Tim Jacoby (Humanitarian and Conflict Response Institute, University of Manchester).
The Sunni uprising and the rise of the “Islamic State” in Iraq and Syria have been (mis)represented by 'Culture Talk'. Culture Talk has
- Served to obscure the origins of the uprising and the West’s role therein
- Portrayed the uprising as principally motivated by faith – that held by “bad” Muslims
- Represented the uprising as theologically evil by focusing on one particular protagonist
- Overlooked the fundamentally political objectives of the uprising
These four (mis)representations are explained by the Western policy imperatives of reinventing the outcome of its involvement in Iraq, recruiting the support of “good” Muslims, justifying a military response against “bad” Muslims and depicting resistance to this as culturally anti-modern.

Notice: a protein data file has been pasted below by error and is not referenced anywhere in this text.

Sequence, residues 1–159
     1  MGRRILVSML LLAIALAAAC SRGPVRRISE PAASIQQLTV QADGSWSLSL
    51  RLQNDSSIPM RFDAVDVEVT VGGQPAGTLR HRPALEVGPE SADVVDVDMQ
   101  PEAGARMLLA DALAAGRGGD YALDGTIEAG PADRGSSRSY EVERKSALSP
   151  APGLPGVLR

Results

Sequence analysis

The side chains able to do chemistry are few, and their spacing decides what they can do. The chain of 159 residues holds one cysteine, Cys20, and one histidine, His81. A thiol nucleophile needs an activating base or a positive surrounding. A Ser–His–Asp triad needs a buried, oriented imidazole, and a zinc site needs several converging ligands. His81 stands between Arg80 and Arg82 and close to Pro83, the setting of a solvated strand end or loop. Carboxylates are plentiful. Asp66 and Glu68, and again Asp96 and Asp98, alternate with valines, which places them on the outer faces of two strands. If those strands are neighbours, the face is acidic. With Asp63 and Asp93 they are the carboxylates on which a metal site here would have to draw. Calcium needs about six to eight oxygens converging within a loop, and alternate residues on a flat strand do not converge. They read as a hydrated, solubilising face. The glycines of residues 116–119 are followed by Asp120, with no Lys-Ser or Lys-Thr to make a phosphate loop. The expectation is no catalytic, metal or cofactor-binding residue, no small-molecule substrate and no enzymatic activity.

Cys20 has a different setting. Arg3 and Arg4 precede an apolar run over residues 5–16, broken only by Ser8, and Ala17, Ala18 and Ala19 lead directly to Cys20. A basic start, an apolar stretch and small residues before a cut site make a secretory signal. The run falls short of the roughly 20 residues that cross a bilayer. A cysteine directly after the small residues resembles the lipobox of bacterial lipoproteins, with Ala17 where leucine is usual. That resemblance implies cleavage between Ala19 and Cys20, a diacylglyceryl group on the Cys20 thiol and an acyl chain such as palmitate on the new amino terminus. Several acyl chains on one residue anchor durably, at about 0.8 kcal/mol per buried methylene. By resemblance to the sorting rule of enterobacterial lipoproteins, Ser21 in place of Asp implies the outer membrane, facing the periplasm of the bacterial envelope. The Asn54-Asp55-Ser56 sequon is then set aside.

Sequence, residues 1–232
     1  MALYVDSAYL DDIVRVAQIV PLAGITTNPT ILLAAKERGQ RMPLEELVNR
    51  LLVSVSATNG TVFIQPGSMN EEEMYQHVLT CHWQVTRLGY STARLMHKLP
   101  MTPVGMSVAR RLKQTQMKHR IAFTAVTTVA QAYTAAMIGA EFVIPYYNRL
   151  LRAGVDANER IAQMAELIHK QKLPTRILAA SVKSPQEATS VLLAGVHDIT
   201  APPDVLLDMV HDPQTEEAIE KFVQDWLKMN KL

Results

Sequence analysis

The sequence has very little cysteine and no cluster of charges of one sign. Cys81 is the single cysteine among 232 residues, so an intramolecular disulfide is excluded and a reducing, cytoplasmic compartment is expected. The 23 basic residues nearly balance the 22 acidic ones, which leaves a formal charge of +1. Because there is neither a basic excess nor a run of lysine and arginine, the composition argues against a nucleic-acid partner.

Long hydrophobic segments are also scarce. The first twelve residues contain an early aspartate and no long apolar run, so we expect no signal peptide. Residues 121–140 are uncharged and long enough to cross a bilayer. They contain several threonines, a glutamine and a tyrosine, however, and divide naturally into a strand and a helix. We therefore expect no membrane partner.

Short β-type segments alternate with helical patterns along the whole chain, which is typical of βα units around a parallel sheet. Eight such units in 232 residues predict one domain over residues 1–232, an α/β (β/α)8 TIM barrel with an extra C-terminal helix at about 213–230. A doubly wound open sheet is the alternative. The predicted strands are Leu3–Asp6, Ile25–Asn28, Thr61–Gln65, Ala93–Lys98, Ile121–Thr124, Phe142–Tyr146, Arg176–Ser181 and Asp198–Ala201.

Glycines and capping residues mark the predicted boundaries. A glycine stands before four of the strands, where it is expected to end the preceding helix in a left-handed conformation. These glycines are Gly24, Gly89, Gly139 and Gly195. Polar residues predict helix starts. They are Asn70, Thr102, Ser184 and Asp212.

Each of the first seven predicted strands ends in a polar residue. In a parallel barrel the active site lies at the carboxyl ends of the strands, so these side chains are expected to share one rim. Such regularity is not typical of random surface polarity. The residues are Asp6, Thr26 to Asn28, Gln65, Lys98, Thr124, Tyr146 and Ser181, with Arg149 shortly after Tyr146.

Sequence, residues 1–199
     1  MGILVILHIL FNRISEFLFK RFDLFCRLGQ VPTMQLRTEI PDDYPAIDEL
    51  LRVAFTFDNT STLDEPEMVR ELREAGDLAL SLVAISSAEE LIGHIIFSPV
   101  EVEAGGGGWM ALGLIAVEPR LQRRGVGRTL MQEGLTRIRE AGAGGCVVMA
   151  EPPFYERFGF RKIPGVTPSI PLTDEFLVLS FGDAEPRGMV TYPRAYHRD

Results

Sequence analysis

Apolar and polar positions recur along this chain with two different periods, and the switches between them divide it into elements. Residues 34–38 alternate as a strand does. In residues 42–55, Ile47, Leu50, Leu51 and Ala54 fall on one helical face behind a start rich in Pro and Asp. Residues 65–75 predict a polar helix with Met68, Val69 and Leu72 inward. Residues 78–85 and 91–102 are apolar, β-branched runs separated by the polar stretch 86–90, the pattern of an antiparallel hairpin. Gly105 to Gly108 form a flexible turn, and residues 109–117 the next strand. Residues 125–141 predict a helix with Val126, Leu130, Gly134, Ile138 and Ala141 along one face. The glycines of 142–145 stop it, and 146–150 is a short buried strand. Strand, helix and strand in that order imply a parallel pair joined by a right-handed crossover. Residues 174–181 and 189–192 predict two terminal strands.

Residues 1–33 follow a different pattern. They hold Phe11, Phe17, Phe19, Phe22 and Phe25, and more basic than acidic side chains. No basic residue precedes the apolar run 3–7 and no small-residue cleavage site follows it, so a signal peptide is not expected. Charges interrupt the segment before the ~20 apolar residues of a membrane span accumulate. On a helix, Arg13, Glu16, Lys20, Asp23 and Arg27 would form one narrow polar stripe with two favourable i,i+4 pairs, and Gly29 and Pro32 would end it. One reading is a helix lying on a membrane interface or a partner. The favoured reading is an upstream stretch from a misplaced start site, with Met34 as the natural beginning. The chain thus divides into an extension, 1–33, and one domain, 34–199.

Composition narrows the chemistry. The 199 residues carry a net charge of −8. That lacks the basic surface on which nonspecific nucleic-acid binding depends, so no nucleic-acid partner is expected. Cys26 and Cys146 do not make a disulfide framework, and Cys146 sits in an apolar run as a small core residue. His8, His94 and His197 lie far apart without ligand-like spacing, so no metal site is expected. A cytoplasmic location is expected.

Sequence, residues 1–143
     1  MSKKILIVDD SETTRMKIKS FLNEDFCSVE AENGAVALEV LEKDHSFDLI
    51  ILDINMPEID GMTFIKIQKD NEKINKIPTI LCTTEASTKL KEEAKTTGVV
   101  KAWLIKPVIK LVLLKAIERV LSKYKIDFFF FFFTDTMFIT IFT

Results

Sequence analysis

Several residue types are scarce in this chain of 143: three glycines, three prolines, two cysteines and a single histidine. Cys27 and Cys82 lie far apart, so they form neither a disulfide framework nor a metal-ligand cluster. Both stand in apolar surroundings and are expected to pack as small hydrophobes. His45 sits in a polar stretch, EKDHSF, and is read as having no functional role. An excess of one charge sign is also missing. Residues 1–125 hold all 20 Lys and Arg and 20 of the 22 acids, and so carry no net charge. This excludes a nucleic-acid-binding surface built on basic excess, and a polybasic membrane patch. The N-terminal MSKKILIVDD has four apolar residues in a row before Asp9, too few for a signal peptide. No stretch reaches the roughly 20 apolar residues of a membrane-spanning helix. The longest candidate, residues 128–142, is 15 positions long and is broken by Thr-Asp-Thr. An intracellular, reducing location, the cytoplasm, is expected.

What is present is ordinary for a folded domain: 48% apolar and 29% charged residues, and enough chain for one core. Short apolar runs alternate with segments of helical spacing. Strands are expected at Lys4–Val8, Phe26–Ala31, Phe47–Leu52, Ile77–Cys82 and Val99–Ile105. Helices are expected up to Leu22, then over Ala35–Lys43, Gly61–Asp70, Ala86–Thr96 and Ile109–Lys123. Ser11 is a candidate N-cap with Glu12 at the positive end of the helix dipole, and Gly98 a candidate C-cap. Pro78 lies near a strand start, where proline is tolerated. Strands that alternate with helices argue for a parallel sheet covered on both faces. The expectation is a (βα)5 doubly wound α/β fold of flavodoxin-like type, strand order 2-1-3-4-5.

Comments: dr. Tine Gade (Department of Cultural Studies and Oriental Languages, University of Oslo)
Chair: Jacob Høigilt, PRIO.
Tim Jacoby joined the Global Development Institute at the University of Manchester in 2003 where he is now Professor. In 2009, he co-founded the Humanitarian and Conflict Response Institute at the University of Manchester.
His research covers a wide range of topics and areas in the Middle East, focusing on the themes of political violence, civil society, Islam, nationalism and post-conflict reconstruction He is the author of several books and more than 25 articles in international journals. His two most recent books are Understanding Conflict & Violence: Interdisciplinary and Theoretical Approaches (Routledge, 2007) and Peace in Turkey 2023: The Question of Human Security and Conflict Transformation, (Lexington, 2012).